The era of the Apocrypha expansion is now over, having given way to Dominion (and perhaps in a few months, Tyrannis). The tactics behind our exploits in Apocrypha are shown in our video, Clarion Call 2: Pantheon. I've not had a chance to respond to all the people who've commented on the Eve-O, youtube, SHC and other forums, or who have written evemails, so let me take the opportunity to thank people for indulging us with their time.
It's been nice to see how triage use has taken off in Eve. The market spotlight reproduced below from the Eve Quarterly Economic Report shows how the sales of the triage module have grown from October 2008, when the first triage video came out (Equinox, followed by Clarion 1 in December of that year). Not to say, of course, that Eve players will do whatever some video says. But perhaps it - and all the battle reports of that preceeding year's ops - played a role in showing how much fun it can be to rep your friends in this fashion:
Of course, every protagonist must eventually face his own tactic. Clarion Call 1's finale involved us using the then-signature tactic of baiting with a triage carrier and battleships, which hold the middle of the field like a ferocious porcupine, to force the enemy to either retreat with losses or escalate with a capfleet. At which point, the good guys drop an even bigger capfleet at their optimal range.
So for sequel's finale. I picked a fight where someone did exactly that to us, i.e. bait with a triage carrier and battleships, wait for us to drop some caps - and then drop a lot more caps on our head. That's really the heart of the narrative: with no counter-counter-drop coming for our side, can the ambushed ships on the field stand and deliver?
That's what Pantheon is about.
And in many ways, that's also what the alliance is about. Throughout Apocrypha, we dropped Pantheon (and also our triage setup, of course) on a lot of different groups with much success. There's a narrative there, usually involving low sec moons, which were very valuable pre-Dominion and epitomised hit-and-run cap fighting in 2009. But to some degree, I find the narrative of the evolving tactical battles even more interesting. It's very interesting developing, refining and popularising something - and then having to fight it yourself.
In the original Prince of Persia - yes, I'm showing my age - you beat your shadow by putting away your sword. Admittedly, Eve being Eve, the Pantheon solution was a little less pacifist.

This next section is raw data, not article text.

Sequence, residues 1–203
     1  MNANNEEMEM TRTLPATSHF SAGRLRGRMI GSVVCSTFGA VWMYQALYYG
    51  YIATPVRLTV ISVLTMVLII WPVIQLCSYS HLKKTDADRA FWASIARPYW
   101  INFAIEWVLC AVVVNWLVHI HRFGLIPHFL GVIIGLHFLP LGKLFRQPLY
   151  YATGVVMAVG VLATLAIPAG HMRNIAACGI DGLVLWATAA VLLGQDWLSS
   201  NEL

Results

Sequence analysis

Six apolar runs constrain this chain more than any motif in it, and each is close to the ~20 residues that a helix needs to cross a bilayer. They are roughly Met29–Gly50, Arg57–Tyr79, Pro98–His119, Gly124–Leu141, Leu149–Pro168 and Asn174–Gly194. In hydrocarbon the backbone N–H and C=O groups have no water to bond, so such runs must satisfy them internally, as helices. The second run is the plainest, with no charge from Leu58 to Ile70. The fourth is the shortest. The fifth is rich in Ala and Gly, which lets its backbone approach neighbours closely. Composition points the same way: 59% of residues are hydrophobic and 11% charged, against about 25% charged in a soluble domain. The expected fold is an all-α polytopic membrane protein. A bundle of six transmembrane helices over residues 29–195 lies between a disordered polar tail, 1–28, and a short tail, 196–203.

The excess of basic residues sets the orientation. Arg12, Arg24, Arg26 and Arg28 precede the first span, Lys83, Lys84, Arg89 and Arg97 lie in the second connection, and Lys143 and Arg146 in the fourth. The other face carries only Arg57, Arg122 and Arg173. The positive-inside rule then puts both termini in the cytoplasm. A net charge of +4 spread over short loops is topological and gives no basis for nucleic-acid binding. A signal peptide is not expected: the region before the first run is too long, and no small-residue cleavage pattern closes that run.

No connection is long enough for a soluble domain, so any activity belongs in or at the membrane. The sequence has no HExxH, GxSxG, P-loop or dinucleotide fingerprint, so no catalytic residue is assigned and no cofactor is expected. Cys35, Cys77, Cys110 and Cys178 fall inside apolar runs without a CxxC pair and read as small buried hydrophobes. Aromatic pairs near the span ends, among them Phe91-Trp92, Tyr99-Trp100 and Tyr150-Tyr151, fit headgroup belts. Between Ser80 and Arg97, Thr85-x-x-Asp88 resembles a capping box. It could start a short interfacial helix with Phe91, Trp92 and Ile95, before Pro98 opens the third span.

As for Dominion, the topic of the moment is certainly that much despised beast: lag. People have asked me regularly how much our approach to the game is affected by lag and whether it's more difficult in Dominion.
To some degree, we're shielded from the worst of it since Rooks and Kings fights tend to be in the 50-200 range for Local count, which is still (usually) functioning in Dominion. However, sometimes there's no way of avoiding a monster battle and, certainly, the lag issues at the beginning of Dominion are much worse than in Apocrypha.
However, there is still the sense of taking part in a cutting edge MMO experience. It's not just that people bring numbers because they don't want to lose (granted that's a big part) - it's also that there's something addictive about having an engine/server that's creaking and groaning under the strain of what you're asking it to perform. It's the natural urge to push things to the limit, in this case in numerical spectacle.
Sitting on a hushed Teamspeak at 4am, waiting for a cyno, is a little like being hunkered down in a trench waiting to go Over The Top when the whistle sounds. You might get a great fight and some fraps to show your grandchildren, who relunctantly indulge your war stories, or you might get a black screen and never load grid. But then, to be bleak about it, someone going 'over the top' might just instantly get a bullet in the head.
Having said that, it's certainly a shame that numbers which were sustainable in Apocrypha no longer seem viable for a smooth fight in Dominion (a problem which is added to by Titans having become anti-capital vessels rather than steamrolling hundreds of support at once). Judging by devblogs, CCP are on the issue. In the meantime, yes, it does make life harder for people fighting outnumbered and planning to do so with complex, lag-sensitive plans or micromangement. But I have no doubt the issues will be solved and to some extent it's the price we pay for the cutting edge.
In Everquest 1, the Sleeper (Kerafyrm) was a creature originally thought to be unkillable within the mechanics.
Yes, the small person under his belly is a player.
Eventually, a few hundred players from different guilds got together to kill Kerafyrm. Things started well, despite an enormous amount of XP lost from countless player deaths. Then, at 27% health, Kerafyrm disappeared. He'd been despawned by Sony's GM's, unsure of what exactly was transpiring (later attributed to a bug).
But a few days on, the people returned and tried the whole thing again. This time they succeeded. Despite all of the problems, it became one of the most noted events in Everquest lore and one of the very examples of the players making a mark on the world they inhabit.
The point being, despite all the setbacks, people still prefer an experience that tests the limits and boundaries of their (virtual) word over a plastic, pre-packaged experience.
Perhaps saying "people still prefer.." is a little dangerous with many instanced, formulaic MMOs selling rather well. So let's say, people remember. People remember Kerafyrm being killed. People remember Lord British being killed in Ultima. And Eve is just filled to the brim with this stuff. Life goes by so fast that in so many real life events, 2007 seems like almost yesterday. But in Eve, 2007 seems an eternity ago, hidden from us by a long winding path of narratives and ever changing tactics.
It seems we grow up quickly in Space.